In the northeast of the Uchinomaki Onsen area, Daikanbo is on the edge of the outer rim of the Aso caldera. The summit, surprisingly, does not usually appear on many Aso travel bucket lists. Having said that, it is now officially on my must-see recommendation because it is the highest viewpoint from the North to look down on the entire caldera.
Daikanbo is definitely a highlight of my entire trip here and it was not widely promoted on foreign travel websites maybe due to its less fanciful commercial development but with the more natural outdoorsy vibe, the peak must be well-known among the Japanese locals. The summit stands at 936 meters high and the signs that led to the lookout were not very clear, and the roads upon the peak were not shown correctly in GPS. Follow the crowd and we had to drive around a few times until we finally entered the right lane. If weather permits, you may be able to see a sea of clouds in the morning.
Shirakawa Spring Source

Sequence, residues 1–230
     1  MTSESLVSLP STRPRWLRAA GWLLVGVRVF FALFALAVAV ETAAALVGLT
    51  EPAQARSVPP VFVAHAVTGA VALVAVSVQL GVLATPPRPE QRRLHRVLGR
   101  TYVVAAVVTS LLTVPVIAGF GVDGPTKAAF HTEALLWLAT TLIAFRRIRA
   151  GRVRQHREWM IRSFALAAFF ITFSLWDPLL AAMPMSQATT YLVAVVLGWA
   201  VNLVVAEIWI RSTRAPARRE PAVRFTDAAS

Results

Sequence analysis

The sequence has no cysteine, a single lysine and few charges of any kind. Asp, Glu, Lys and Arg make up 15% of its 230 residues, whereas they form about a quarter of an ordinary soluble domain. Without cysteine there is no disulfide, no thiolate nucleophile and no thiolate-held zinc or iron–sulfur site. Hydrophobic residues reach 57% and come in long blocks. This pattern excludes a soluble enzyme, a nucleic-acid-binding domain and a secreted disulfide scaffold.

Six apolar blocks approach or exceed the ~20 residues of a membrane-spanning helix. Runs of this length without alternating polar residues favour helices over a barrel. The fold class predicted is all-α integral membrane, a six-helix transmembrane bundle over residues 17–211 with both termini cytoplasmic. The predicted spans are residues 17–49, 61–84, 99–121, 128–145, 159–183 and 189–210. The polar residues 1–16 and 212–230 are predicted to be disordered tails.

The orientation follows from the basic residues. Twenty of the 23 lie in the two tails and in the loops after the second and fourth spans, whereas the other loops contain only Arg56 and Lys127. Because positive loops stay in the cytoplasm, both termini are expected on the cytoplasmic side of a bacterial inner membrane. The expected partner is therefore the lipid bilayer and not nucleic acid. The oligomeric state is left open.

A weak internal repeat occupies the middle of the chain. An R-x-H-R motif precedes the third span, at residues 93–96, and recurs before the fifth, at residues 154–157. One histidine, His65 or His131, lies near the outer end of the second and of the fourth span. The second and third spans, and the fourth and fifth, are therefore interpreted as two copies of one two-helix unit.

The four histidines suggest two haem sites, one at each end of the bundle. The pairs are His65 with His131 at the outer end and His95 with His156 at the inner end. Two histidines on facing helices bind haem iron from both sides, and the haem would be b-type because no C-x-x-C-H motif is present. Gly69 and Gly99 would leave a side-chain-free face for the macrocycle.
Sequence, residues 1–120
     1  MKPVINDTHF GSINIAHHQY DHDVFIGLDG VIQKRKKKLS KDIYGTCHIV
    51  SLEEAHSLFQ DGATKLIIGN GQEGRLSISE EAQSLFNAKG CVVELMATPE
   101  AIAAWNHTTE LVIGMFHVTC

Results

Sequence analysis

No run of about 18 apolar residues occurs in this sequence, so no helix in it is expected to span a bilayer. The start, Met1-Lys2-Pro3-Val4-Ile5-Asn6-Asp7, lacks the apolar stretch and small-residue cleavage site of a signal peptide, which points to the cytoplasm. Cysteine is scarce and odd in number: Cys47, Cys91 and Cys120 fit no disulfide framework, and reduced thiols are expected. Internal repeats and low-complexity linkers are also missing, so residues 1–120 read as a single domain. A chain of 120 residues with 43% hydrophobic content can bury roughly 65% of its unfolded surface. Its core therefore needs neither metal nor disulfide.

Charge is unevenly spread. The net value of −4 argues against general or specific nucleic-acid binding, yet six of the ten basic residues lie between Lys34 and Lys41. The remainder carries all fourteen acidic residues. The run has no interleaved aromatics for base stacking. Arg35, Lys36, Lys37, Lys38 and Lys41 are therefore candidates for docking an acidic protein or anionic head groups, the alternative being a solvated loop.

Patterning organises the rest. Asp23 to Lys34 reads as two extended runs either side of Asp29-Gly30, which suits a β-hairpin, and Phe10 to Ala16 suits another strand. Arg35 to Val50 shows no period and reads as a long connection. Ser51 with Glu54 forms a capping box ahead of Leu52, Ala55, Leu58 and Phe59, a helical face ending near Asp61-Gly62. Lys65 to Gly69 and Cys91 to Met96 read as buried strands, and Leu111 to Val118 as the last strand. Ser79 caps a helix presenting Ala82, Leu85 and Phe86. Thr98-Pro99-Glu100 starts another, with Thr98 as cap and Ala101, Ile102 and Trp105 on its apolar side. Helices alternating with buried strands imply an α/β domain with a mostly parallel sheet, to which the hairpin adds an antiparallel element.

Shirakawa Spring Source is a famous landmark that Ministry of Environment chose it as one of the 100 Best Natural Waters in Japan. It is inside the Shirakawayoshimi Shrine, with water gushes out 60 tons per minute at 14 degrees Celsius.
Mount Aso Visitor Center
Mount Aso visitor center is where the souvenir shops, museums, and restaurants are. It is a busy pitstop as visitors usually park here for some rest.
The center is quite spacious, with a giant window that offers an unobstructed view of Mount Aso as smoke emits from the top of the volcano. It is a great place to spend some time and warm up, especially during the cold weather. However, if you are up for a walk, take a stroll outside and explore the unique volcanic terrain.
For family travlers, visiti the animal farms!